Branson v Snowden; Branson v Gtech UK Corporation (a Body Corporate) and Rendine: CA 3 Jul 1997

The respective parties had been preparing competing bids for the National Lottery. One (Branson) alleged that the other had offerered a bribe. The other responded that the allegation was a lie, and each sued the other for defamation.
Held: The Lucas-Box defence could not be struck out. Litigious advantage resulting to one or other party from discovery and inspection is an aspect of securing fairness in disposal of the matter. The court refused leave to appeal against an order requiring disclosure of Mr Snowden’s statement as part of a mutual disclosure.


Lord Justice Butler-Sloss, Lord Justice Auld, Lord Justice Aldous


[1997] EWCA Civ 2021


England and Wales


CitedPrager v Times Newspapers Ltd CA 1988
The plaintiff claimed in libel, alleging certain meanings. The defendant sought to plead in justification to support certain defamatory meanings, but not those alleged.
Held: Where the words used were capable of being read by the judge to . .
CitedDe L’Isle v Times Newspapers CA 1988
A defendant who pleading justification may plead any reasonable meaning that a jury, properly directed, might find to be the real meaning. . .
CitedLucas-Box v News Group Newspapers Ltd; Polly Peck (Holdings) Plc v Trelford, Viscount De L’Isle v Times Newspapers Ltd CA 1986
Justification To be Clearly Set Out
The former practice which dictated that a defendant who wished to rely on a different meaning in support of a plea of justification or fair comment, did not have to set out in his defence the meaning on which he based his plea, was ill-founded and . .
CitedJones v Skelton PC 1963
(New South Wales) Lord Morris of Borth-y-Gest discussed how words subject to a claim in defamation should be read: ‘In deciding whether words are capable of conveying a defamatory meaning the court will reject those meanings which can only emerge as . .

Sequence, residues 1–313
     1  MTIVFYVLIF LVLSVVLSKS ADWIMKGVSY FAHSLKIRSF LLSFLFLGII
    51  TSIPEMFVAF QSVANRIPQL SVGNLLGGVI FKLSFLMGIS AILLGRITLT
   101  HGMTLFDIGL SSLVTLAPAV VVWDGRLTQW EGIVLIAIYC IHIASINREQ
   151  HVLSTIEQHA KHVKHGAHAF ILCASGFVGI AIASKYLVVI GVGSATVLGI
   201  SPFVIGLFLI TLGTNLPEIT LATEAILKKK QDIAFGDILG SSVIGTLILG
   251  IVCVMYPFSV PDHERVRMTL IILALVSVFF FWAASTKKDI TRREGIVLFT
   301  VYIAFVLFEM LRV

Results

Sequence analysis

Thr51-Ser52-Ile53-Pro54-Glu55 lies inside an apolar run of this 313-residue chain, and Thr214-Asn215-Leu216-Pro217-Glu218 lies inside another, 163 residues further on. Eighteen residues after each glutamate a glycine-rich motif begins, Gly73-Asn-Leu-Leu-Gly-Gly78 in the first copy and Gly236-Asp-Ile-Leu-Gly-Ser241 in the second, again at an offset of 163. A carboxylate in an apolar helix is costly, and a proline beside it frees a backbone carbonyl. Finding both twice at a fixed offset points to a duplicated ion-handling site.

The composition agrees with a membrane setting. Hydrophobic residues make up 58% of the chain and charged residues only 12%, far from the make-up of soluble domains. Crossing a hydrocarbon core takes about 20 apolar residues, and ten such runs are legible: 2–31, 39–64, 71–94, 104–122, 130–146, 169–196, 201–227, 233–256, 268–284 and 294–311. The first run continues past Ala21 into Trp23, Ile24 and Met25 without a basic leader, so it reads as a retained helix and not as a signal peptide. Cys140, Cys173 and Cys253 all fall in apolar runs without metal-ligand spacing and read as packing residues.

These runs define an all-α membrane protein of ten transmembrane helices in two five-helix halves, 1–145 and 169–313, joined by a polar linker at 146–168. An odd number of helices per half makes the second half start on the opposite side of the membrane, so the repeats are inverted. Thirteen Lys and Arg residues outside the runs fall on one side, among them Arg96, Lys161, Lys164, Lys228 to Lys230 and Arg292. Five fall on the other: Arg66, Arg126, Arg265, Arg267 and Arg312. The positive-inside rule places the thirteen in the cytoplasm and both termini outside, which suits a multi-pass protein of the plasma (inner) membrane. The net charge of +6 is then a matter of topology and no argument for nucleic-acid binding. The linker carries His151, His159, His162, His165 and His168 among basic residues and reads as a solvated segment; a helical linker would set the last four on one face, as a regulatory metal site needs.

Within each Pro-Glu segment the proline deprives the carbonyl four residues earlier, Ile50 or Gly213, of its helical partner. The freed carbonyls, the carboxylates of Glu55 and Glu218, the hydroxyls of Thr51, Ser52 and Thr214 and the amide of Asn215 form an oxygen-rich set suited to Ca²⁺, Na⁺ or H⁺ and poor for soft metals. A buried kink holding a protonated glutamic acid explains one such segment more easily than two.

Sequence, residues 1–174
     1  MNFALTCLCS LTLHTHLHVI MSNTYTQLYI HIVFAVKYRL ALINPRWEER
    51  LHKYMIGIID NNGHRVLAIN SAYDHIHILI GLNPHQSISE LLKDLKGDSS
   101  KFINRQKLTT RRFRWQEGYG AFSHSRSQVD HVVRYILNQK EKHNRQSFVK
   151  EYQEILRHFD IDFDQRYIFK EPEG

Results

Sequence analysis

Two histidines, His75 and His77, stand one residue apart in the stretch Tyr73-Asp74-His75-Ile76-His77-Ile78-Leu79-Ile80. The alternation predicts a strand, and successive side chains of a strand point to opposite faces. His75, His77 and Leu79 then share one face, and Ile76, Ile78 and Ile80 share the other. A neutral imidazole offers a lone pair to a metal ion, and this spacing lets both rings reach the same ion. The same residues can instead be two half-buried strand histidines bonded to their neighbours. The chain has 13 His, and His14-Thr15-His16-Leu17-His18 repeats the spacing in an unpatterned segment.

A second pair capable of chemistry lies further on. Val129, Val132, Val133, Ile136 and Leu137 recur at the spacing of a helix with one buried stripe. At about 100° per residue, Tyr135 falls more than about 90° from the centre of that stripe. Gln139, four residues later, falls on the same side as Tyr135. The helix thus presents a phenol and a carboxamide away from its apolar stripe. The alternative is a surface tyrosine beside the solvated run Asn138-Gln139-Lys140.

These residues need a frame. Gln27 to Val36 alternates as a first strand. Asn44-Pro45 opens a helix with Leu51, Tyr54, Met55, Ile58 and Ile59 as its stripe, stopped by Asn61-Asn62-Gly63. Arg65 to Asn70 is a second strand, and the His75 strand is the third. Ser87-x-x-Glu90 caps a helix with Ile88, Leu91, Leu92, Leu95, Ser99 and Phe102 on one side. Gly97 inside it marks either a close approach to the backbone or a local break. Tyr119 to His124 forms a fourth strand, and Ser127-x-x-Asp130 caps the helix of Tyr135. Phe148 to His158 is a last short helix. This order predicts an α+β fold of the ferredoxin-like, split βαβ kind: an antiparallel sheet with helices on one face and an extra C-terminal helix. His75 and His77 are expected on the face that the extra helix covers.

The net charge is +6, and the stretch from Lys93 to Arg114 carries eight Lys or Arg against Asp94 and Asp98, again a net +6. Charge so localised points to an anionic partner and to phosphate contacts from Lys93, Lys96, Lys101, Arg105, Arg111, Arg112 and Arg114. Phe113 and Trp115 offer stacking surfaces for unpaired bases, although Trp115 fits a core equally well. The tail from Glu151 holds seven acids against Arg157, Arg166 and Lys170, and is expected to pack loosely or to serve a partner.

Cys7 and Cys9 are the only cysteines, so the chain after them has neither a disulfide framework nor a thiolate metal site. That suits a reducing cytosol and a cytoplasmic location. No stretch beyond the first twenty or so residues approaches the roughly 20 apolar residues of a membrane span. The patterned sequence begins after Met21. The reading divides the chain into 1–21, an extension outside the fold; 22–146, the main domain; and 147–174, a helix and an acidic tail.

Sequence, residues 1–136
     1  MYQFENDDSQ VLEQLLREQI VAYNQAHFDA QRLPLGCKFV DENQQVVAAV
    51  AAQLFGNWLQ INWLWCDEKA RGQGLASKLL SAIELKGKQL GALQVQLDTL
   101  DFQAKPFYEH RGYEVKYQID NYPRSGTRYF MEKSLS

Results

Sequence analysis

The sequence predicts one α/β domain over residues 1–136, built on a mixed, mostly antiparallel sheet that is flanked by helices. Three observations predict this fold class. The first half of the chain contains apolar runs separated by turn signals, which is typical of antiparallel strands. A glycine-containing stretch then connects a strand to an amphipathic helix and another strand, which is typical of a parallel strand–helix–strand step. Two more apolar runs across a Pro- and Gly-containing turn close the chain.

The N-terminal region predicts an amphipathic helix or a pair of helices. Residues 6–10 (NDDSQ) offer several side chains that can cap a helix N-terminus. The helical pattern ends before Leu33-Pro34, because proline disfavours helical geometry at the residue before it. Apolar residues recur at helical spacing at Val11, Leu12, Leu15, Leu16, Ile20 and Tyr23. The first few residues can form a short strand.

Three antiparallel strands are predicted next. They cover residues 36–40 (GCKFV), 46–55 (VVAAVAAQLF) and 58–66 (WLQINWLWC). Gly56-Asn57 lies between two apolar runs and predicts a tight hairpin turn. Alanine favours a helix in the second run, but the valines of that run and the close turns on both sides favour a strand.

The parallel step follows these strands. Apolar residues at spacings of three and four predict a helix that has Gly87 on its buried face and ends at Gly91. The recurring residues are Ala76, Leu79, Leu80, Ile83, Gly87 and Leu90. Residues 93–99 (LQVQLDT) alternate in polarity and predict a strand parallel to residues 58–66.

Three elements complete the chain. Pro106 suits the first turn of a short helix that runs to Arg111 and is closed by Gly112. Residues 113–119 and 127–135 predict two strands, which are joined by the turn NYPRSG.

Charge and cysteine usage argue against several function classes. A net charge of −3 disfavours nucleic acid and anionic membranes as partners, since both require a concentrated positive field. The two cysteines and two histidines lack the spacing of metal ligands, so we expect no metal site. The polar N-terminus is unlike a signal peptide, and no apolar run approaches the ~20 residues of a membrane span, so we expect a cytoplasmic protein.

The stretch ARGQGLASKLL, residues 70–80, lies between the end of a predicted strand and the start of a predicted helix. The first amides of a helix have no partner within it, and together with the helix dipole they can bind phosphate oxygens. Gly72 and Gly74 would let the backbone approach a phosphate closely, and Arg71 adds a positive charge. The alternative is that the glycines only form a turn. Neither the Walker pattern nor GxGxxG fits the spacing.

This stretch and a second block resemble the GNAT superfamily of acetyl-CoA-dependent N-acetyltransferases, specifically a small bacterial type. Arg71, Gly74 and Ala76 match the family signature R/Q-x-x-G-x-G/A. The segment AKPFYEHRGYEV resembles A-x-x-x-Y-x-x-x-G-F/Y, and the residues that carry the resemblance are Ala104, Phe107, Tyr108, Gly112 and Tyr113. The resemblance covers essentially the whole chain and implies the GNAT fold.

CitedSlim v Daily Telegraph Ltd CA 1968
Courts to Settle upon a single meaning if disputed
The ‘single meaning’ rule adopted in the law of defamation is in one sense highly artificial, given the range of meanings the impugned words sometimes bear. The law of defamation ‘has passed beyond redemption by the courts’. Where in a libel action . .
CitedKirkup v British Rail Engineering Ltd CA 1983
Where interrogatories are administered they should be drafted with considerable rigour because if they are so widely drawn as to be vague they may be regarded as oppressive. . .
CitedMercer v Chief Constable of Lancashire CA 1991
When justifying a detention, the Chief Constable must prove it ‘was lawful minute by minute and hour by hour’. . .
CitedWallace Smith Trust v Deloitte Haskins and Sells CA 1997
If the party seeking discovery showed that the documents might be necessary for a fair disposal of the action, an order should normally only be refused after the court had examined the documents and considered them in the light of the material . .
CitedTaylor v Anderton (Police Complaints Authority Intervening) CA 19-Jan-1995
Reports, which had been prepared for the purposes of a police complaint procedure, could be entitled to protection from disclosure under a public interest immunity certificate. The court also considered the relationship between the documentation and . .

Cited by:

See AlsoGuy Snowden v Richard Branson CA 6-Jul-1999
. .
Lists of cited by and citing cases may be incomplete.

Defamation, Litigation Practice

Updated: 06 November 2022; Ref: scu.142418